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Surrogacy Laws in California

California has some very open surrogacy laws, and they allow LGBT couples to have surrogacy arrangement. There is no specific statute in the state that addresses surrogacy specifically, but the state’s courts have applied the Uniform Parentage Act to look at different cases relating to traditional surrogacy arrangements. In truth, one of the biggest cases in the nation regarding surrogacy was deliberated in California.


Explanation: There was a court case in 1993, and the California Supreme Court said that the parents who were intended in a basic surrogacy arrangement, that is a gestational surrogacy arrangement, should be seen as the legal and natural parents. This is where the surrogate isn’t the biological contributor of an egg. The court said that the individual who wanted to procreate – in this instance, the mother who gave her egg to the surrogate – should be considered the baby’s true mother.

There was another case in 1994, and a California Court of Appeals looked at the question of the best way to decide parentage when a child has conception through a traditional surrogacy. This is where biological contributor of an egg is the surrogate mother. What happens to this child after the two parents have separated? The Court said that the surrogate mother and intended father were the legal parents, and the intended mother would have zero parental rights.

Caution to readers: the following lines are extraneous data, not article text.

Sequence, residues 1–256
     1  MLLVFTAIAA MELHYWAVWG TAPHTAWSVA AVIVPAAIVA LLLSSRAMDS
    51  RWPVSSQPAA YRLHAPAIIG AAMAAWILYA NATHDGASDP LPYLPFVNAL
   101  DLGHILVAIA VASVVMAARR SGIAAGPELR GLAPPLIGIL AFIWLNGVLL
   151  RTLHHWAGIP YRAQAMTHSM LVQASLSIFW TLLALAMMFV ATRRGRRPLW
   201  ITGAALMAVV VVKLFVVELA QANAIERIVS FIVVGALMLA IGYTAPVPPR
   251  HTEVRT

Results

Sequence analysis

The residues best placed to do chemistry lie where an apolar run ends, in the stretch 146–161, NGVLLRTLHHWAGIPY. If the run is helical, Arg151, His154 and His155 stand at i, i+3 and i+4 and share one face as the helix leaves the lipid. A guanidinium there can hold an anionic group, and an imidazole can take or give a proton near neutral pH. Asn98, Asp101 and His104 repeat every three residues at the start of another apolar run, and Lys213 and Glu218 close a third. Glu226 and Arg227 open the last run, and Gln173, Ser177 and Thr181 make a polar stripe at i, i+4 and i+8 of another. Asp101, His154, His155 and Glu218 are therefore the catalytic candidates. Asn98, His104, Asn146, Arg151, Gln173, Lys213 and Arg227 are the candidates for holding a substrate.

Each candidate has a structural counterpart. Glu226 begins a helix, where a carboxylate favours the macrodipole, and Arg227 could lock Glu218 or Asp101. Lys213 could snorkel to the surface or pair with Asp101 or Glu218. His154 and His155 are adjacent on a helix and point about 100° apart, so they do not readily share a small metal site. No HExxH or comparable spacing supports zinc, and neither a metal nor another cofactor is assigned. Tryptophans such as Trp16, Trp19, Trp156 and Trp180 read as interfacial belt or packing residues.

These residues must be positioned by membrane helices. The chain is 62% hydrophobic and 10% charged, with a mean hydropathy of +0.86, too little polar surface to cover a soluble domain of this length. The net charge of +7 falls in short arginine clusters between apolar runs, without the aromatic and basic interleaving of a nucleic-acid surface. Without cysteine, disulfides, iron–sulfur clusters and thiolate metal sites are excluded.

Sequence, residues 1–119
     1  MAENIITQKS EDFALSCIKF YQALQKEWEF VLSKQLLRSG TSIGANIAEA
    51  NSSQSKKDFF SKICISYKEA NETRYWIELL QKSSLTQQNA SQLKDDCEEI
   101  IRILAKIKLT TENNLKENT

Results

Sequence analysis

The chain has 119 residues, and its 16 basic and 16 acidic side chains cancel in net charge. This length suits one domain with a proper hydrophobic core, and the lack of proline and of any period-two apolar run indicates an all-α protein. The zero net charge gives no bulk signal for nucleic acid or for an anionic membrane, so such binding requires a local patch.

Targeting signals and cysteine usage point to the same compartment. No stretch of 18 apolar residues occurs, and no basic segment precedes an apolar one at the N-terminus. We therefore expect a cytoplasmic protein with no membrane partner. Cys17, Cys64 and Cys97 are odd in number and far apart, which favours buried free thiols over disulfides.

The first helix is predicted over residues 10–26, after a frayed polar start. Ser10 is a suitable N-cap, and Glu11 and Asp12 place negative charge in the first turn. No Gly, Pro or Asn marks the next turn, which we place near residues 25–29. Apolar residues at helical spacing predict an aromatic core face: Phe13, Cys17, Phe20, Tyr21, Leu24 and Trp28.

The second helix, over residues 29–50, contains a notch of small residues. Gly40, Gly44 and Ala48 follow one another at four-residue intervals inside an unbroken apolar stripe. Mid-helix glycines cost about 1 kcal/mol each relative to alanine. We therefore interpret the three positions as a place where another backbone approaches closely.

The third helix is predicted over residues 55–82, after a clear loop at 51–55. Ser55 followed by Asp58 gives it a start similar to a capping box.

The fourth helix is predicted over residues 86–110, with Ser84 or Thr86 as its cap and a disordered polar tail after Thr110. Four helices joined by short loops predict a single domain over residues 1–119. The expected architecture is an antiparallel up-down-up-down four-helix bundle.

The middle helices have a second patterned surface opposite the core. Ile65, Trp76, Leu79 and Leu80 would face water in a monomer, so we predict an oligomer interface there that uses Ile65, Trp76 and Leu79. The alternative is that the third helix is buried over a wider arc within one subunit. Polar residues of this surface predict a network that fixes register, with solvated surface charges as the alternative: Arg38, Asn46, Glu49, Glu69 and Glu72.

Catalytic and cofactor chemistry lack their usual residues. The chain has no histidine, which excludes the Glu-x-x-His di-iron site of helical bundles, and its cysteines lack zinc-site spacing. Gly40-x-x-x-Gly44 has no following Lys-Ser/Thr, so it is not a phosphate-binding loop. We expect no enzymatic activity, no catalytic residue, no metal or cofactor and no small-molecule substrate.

There was a case in 1998, and it was an instance of how convoluted the facts in surrogacy arrangements can be. There was a gestational surrogate who was impregnated with anonymous sperm and an anonymous egg. Basically, one could look at six people as being potential legal parents of the child: the sperm donor, the egg donor, the intended father, the intended mother, the husband of the gestational mother, and the gestational mother. Finally, the Court said that when a couple who is married wants to procreate with a non-genetically related embryo that goes into a surrogate, the parents who are intended are the legal parents of the child.

There was a case in 2006 where the Supreme Court of California said that three cases involving lesbian couples who had children through surrogacy were alright to be the legal parents of a child of surrogacy. This ruling seems to apply to all members of the LGBT community.



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